History of King's Highway 50:
King's Highway 50 was a major collector highway which connected Highway 27 in Toronto to Highway 89 west of Alliston. The highway was 54 km in length and it existed up until the late 1990s, when it was downloaded to the County of Simcoe and the Regional Municipalities of York and Peel.
The history of Highway 50 dates back to 1936, when the road from Bolton to the Highway 49 Junction near Nashville was designated as a new King's Highway. This first section of Highway 50 was assumed by the Department of Highways (DHO) on August 12, 1936. Originally, the highway was only 5.5 km in length. The following year, Highway 50 was extended southerly from the Highway 49 Junction to Highway 7 and northerly from Bolton to Highway 9. Once these new sections of Highway 50 were assumed by the DHO on September 11, 1937, the length of the highway had grown to 29 km. Initially, the entire highway was gravel, except for the section from the Highway 49 Junction to Bolton which was paved. Some paving work was carried out immediately north of Highway 7 in 1937, but it was not until 1946 that the entire route of Highway 50 from the Highway 7 Junction to the Highway 49 Junction was paved with asphalt. The remaining unpaved section of Highway 50 between Bolton and the Highway 9 Junction was paved in 1951. In 1961, Highway 50 was extended southerly from the Highway 7 Junction to Highway 27 in Toronto. This extension added another 6 km to the length of Highway 50. In 1976, Highway 50 was extended northerly from the Highway 9 Junction to the Highway 89 Junction near Alliston. The extension was created when a 20 km section of Simcoe County Road 12 via Loretto was assumed by the province on November 15, 1976 and designated as Highway 50.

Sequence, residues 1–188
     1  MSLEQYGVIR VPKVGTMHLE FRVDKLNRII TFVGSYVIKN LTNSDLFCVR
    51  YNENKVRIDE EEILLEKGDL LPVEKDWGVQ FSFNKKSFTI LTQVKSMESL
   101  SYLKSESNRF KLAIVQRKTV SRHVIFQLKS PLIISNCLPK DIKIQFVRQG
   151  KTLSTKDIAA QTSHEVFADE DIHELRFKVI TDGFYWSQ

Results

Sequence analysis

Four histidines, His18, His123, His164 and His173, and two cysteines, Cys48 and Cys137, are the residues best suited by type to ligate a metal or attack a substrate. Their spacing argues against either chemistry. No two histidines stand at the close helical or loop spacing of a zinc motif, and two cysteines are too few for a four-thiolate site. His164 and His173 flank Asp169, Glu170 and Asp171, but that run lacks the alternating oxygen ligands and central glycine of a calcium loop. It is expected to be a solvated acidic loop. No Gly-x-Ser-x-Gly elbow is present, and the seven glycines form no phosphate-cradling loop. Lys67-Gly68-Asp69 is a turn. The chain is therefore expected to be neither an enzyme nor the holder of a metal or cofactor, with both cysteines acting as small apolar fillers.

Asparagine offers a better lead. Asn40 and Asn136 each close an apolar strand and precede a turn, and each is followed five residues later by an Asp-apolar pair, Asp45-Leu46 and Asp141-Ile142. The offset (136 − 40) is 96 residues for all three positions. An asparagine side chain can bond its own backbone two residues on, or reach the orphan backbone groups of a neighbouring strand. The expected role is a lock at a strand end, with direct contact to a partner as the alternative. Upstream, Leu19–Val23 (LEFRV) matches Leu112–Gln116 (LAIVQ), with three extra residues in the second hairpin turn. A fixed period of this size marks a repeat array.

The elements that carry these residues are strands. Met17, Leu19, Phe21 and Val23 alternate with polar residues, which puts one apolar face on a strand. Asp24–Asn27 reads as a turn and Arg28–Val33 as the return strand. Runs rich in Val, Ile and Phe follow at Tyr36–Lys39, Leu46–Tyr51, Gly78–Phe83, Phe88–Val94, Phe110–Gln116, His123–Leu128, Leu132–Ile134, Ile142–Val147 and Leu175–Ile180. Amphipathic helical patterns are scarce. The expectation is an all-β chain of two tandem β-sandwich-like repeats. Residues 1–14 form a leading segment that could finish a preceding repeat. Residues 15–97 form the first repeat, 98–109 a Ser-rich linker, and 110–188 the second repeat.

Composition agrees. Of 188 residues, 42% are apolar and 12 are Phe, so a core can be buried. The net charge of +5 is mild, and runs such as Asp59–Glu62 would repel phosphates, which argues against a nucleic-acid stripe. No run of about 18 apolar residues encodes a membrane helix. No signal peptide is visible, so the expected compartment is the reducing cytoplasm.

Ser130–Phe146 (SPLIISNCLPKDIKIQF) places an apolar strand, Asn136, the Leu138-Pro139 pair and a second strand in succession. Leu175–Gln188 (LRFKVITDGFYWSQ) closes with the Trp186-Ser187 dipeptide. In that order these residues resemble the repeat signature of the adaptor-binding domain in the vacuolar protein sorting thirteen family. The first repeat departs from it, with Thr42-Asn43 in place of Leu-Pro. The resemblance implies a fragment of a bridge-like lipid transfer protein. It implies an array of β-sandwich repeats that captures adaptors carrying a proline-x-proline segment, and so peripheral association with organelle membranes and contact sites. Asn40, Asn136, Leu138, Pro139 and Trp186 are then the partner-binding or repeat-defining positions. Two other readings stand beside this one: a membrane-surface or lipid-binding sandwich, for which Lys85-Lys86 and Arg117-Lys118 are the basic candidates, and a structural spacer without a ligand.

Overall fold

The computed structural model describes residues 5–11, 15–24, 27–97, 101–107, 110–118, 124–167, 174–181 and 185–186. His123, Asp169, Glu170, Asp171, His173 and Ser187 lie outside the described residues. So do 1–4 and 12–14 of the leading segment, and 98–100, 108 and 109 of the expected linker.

In the late 1990s, the entire highway was downloaded. On March 31, 1997, the connecting link agreement for the section of Highway 50 along Albion Road in the City of Toronto was repealed. A 2.1 km section of Highway 50 from the City of Toronto limits at Steeles Avenue to Highway 7 was transferred to the Regional Municipality of York on April 9, 1997. The rest of Highway 50 from the Highway 7 Junction to the Highway 89 Junction was transferred to the Regional Municipalities of York and Peel and the County of Simcoe on January 1, 1998. Highway 50 is now officially known as Simcoe County Road 50, Peel Regional Road 50 and York Regional Road 24. Within the City of Toronto, the former route of Highway 50 is called Albion Road. Despite the fact that this road is no longer a provincial highway, motorists nearly always refer to this route collectively as "Highway 50". Services are available in most communities along the highway. Unless posted otherwise, the speed limit on Highway 50 is 80 km/h (50 mph). Please visit the Highway 50 Mileage Chart page for a list of mileage reference points along Highway 50.
Additional Information About King's Highway 50:
Learn More About King's Highway 50 (My Upcoming Publications)
King's Highway 50 - Route Information (At Scott Steeves' website: asphaltplanet.ca)
King's Highway 50 - A Virtual Tour (At Scott Steeves' website: asphaltplanet.ca)